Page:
On the Brink of Ink teaches students risks of body art

On the Brink of Ink teaches students risks of body art

On the Brink of Ink teaches students risks of body art
March 04
22:00 2019

For years, tattoos and piercings have generally been a taboo topic and going to college is often portrayed as a student’s first time having the freedom to express themselves however they want.

When students consider getting a tattoo or piercing, it is important to know the risks and what to expect from body art studios and their practices. Hosted by the UNT Meadows Center for Health Resources, On the Brink of Ink is a program that informs students about the importance of getting tattoos and piercings safely.

The campus introduced On the Brink of Ink two years ago after the emerging popularity of stick and poke tattoos, a practice in which a needle is poked into the skin and ink is dripped into the flesh wound. Stick and poke tattoos, when done by nonprofessionals, can lead to allergic reactions and infections of the skin.

Terrance Jackson, the student health peer educator for the Meadows Center for Health Resources, was this year’s On the Brink of Ink speaker, who informed students of these potential risks.

“We want students to look more into what they’re doing, making sure they are not confused and that they understand the safety of it all,” Jackson said.

On the Brink of Ink emphasizes the importance of knowing the necessary sanitizing equipment, the laws and safety codes studios must abide by and the aftercare techniques students need to implement after getting a tattoo or piercing.

“The biggest mistake students make is getting a tattoo done by someone who isn’t professional,” Jackson said. “We want to make [students] feel better about getting them done.”

The Meadows Center for Health Resources and UNT’s Student Health Advisory Committee partnered together for On the Brink of Ink. The Meadows Center for Health Resources wanted to inform students of the do’s and don’ts of tattoos and piercings. Image by: Ashley Gallegos.

Hannah Asis, the Meadows Center for Health Resources lead student programming assistant, has been working with the On the Brink of Ink seminar since last year.

“This is Denton and students like to express themselves,” Asis said. “We’re just trying to assess what the risk factors are for this. Stick and poke is very common in our culture today but it’s not the safest if they are not done by a licensed professional. A lot of people don’t check if the tattoo shop they’re going to is licensed.”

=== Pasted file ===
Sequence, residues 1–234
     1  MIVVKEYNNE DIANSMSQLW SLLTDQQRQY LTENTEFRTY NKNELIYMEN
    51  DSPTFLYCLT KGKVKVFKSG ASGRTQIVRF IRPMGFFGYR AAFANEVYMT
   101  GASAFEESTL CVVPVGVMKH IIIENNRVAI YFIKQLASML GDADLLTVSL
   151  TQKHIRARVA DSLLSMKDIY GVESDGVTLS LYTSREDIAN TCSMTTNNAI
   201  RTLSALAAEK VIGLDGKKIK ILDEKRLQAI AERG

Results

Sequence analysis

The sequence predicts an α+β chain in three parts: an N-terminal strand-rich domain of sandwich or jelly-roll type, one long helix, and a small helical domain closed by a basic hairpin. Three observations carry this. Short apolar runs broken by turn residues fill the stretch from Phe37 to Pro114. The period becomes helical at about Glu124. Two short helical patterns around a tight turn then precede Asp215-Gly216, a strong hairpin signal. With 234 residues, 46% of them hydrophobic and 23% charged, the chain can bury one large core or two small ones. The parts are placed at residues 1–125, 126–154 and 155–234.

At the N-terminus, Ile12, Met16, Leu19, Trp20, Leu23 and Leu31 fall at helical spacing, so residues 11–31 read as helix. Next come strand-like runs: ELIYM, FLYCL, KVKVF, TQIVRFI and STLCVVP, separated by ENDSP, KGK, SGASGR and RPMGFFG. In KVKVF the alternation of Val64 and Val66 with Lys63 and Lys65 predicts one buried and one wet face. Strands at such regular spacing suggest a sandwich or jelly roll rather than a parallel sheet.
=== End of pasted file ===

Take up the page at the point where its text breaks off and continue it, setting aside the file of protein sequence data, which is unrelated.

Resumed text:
Denton is home to more than ten different tattoo and piercing shops, but many students make the mistake of assuming all of the businesses are practicing safe procedures on their customers.

“The whole intention of this event is to say, ‘If you’re a customer at a studio, then you are entitled to this information,’” Asis said. “We don’t want STI transmissions from improper needle use. You’re entitled to know these things so don’t feel awkward asking.”

While getting pierced by a piercing gun is common, people are often misled to believe piercing guns are the safest option.

“A lot of people think piercing guns are okay, including myself when I got my cartilage pierced, but it can disrupt the tissue and it can be dangerous,” Asis said. “We want students to be aware of common mistakes that cause unideal health issues.”

Kimberly Seals, a 21-year-old English technical communications senior, attended On the Brink of Ink, hoping to learn more about the potential risk factors of tattoos and piercings.

“I learned about some of the tattoo safety,” Seals said. “I have several tattoos and piercings, but I guess I wasn’t paying as close enough attention as I could have been.”

The UNT Meadows Center for Health Resources aims to provide students on campus with a comfortable space to ask questions about any health concerns or risks concerning tattoos and piercings they may have.

“My No. 1 tip is to do your research and take advantage of the resources we have at UNT to talk about these issues,” Asis said. “Make sure you talk to the tattoo artist before, look at [their] previous work, ask if any of their previous clients have had any complications and check the reputation of tattoo shops. Students need to feel like they have agency in this process.”

Featured Image: Junior Maribel Orzoco gives guests fake septum rings and temporary tattoos as they leave the On the Brink of Ink seminar. Image by: Ashley Gallegos.

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Katelyn Manfre

Katelyn Manfre

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